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Paulie Pesh at the Satellite on Monday May 30th, 2011

Paulie Pesh was opening the night on Monday at the Satellite, and it was definitively a night of large groups, since his band was occupying the whole stage with violin, trumpet, tuba and clarinet players, two drummers and a few guitarists and basists.

I counted 11 of them, they looked like a big family, and reading a little about them, they partially are, at least frontman Paulie Pesh and singer Cristal are married, and the whole band idea was a spontaneous one as he explained in an interview:
‘I decided to run with the idea of incorporating brass, woodwinds and strings with my music and I just called a bunch of my friends and family and got them on board.’

Was it that simple? I don’t know but it works. And it is pretty unusual to incorporate so many instruments in a band, after all, folk rock is usually based on the classic trio guitar-bass-drums, but Pesh has said to have been inspired by the likes of Randy Newman, Paul Simon and Harry Nilsson, and some writers have already compared him to Sufjan Stevens, Andrew Bird, and Brian Wilson,… Sufjan Stevens? I could totally hear that.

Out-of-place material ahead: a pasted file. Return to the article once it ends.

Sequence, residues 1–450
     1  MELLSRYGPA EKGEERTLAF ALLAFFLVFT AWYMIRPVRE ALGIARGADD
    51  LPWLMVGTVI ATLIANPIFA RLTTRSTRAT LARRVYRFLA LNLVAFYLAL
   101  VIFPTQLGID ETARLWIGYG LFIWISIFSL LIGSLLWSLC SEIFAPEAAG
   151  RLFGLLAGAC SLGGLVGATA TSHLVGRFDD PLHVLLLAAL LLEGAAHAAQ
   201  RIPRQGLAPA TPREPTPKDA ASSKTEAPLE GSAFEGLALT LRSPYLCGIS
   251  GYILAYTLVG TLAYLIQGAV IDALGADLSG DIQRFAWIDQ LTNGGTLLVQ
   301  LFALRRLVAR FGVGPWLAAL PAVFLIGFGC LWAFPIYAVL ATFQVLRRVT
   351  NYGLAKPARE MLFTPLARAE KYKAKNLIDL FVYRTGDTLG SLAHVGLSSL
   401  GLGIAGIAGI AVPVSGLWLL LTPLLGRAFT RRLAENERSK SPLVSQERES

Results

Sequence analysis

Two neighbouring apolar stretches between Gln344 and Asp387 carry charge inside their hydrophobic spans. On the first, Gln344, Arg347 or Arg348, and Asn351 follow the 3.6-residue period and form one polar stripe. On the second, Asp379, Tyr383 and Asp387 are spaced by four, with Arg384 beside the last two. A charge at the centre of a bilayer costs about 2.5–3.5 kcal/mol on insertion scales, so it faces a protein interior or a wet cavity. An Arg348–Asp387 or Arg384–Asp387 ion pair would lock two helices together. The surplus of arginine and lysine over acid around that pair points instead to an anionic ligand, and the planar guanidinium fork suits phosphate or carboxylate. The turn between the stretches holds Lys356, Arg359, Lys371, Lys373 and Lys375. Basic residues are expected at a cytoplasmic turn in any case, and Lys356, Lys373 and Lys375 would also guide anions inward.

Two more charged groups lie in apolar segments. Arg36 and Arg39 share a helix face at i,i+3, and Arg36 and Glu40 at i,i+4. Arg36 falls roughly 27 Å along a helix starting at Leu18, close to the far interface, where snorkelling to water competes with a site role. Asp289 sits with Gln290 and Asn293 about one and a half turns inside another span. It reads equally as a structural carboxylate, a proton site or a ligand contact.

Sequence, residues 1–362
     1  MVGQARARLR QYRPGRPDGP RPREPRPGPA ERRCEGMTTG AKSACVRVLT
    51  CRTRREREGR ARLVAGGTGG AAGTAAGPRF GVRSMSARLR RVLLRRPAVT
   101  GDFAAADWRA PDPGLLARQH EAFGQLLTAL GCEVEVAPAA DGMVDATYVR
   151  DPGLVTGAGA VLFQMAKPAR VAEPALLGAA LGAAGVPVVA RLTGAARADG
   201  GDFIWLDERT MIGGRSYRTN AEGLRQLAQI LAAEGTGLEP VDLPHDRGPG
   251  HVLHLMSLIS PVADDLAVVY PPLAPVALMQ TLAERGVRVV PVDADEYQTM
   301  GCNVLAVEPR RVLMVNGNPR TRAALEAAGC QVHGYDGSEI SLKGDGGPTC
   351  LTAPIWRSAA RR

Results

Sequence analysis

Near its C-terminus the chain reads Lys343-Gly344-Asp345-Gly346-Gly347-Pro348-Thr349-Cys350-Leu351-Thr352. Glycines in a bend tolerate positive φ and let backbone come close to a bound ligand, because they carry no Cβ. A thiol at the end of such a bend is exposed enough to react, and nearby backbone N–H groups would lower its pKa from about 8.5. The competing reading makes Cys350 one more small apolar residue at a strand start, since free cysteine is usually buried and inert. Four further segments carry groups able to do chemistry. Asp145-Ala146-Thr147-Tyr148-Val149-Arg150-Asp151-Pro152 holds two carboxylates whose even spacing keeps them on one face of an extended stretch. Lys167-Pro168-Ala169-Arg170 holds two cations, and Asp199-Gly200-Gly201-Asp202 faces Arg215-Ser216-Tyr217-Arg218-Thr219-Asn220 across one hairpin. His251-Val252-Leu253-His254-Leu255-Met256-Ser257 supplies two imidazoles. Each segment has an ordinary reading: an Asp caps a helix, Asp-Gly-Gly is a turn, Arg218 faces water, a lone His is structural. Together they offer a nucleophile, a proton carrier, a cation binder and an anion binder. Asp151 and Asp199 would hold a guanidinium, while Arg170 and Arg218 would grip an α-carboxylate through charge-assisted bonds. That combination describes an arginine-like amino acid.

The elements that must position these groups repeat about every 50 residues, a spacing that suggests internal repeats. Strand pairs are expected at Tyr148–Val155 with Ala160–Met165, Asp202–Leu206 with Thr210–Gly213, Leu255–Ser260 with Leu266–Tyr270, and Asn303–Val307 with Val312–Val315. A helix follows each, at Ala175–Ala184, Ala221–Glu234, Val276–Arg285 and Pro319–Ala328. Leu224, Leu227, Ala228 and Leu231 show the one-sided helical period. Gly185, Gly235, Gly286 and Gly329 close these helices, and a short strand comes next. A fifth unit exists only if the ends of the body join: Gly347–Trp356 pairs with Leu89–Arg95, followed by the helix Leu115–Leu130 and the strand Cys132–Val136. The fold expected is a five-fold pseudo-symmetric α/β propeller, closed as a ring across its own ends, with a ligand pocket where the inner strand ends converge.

There were a lot of female-male vocal harmonies and this bouncy and effervescent orchestral ensemble, a sort of chamber pop à la Arcade Fire – yes this name came to my mind a few times during their set – uplifting the audience minds in the same manner, building a lot of expectations with the drumming, and climaxing a few times, but in a less bombastic way than the Canadian band does.

There also were a lot of these romantic strings, dueling with a powerful horn section, and Pesh was a passionate vocalist, contrasting with his wife soft harmonies. Any of their songs was giving the impression it was ready to explode at any moment in an overload of optimism, and the hooks were definitively there, whereas some songs seemed to venture into more disconcerting territories.

His enthusiastic delivery was making Paulie Pesh all sweaty, and a girl in the crowd brought him a towel. ‘Am I offensive?’ he asked. Actually there was nothing offensive about their liveliness and inspirational music that was putting a smile on everyone’s face.

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